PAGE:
Improvement in health-related quality of life in food-allergic patients
Published: June 1, 2021
Food allergy (FA) is a growing health burden worldwide affecting patients’ health related quality of life (HRQoL) due to increased anxiety as well as social and economic restrictions. Dietary avoidance remains the standard of care, except for peanut allergy. Dietary avoidance can be challenging and approximately 40% of patients present with reactions, ranging from mild ones to severe anaphylaxis caused by accidental exposure. Higher levels of anxiety and stress are often found in FA patients and their caregivers. Recent studies show that interventions such as oral food challenges (OFCs) and oral immunotherapy (OIT) have potential benefit in improving HRQoL, however, there is a lack of rigorous HRQoL data and quantitative synthesis.
In a recently published study in The Journal of Allergy and Clinical Immunology: In Practice, Cao et al. conducted a systematic review and quantitative synthesis to assess the potential benefits of interventions for addressing FA to a variety of foods. Authors performed a systematic search using several online publication databases, including PubMed, Cochrane Medical Library and Stanford Lane Medical Library, and performed a meta-analysis focusing on studies assessing changes in HRQoL after OIT and/or OFCs in FA study participants and caregivers from 2010 to July 2020. Over 1000 participants with FA enrolled in 13 studies were included in this systematic review and meta-analysis.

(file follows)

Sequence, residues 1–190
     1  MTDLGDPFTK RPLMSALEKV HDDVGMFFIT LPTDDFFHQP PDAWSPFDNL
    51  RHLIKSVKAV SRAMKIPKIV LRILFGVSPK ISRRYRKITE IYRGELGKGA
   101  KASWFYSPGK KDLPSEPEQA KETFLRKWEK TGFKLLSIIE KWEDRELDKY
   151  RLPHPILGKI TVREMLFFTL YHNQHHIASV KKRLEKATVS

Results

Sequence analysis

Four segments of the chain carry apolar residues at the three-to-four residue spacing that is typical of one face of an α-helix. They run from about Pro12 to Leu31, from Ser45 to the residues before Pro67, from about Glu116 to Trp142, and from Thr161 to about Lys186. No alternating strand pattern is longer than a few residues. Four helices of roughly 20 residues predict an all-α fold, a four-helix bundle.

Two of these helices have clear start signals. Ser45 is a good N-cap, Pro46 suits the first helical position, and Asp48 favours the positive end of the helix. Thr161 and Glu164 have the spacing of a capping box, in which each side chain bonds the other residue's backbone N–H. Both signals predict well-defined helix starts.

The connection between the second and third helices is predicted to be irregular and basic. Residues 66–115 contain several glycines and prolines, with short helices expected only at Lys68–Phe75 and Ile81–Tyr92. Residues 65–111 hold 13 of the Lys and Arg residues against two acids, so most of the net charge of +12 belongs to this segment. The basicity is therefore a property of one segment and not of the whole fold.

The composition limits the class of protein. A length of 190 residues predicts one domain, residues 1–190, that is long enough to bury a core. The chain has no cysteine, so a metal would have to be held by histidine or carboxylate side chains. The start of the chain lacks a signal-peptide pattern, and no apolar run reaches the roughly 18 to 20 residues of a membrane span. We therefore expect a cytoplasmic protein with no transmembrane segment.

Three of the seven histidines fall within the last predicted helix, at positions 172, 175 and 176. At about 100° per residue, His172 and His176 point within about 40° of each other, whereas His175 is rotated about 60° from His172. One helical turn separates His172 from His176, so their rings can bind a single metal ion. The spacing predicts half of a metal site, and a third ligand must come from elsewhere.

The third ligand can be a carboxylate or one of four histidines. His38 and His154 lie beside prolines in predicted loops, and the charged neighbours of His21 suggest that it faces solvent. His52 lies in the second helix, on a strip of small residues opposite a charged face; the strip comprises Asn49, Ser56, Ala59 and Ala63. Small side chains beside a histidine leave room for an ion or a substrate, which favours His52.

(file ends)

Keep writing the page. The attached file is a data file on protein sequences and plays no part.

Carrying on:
All 7 OIT studies showed a significant improvement on HRQoL scores after OIT compared to baseline. Additionally, on evaluating placebo-controlled studies, participants who received active OIT had a significantly higher improvement in HRQoL scores compared to the placebo groups. Caregivers of pediatric participants also reported an improvement in HRQoL after OIT. Five out of 6 trials including OFCs reported a significant improvement at the time of follow-up; the overall effect showing a trend towards improvement of the HRQoL scores after OFCs. These results are important for FA patients and their caregivers, as well as physicians and researchers. The results underscore the potential benefits of OIT and OFCs in improving patients’ quality of life, which should be considered when balancing the pros and cons of treatment or diagnostic tests in clinical practice.
The Journal of Allergy and Clinical Immunology: In Practice is an official journal of the AAAAI, focusing on practical information for the practicing clinician.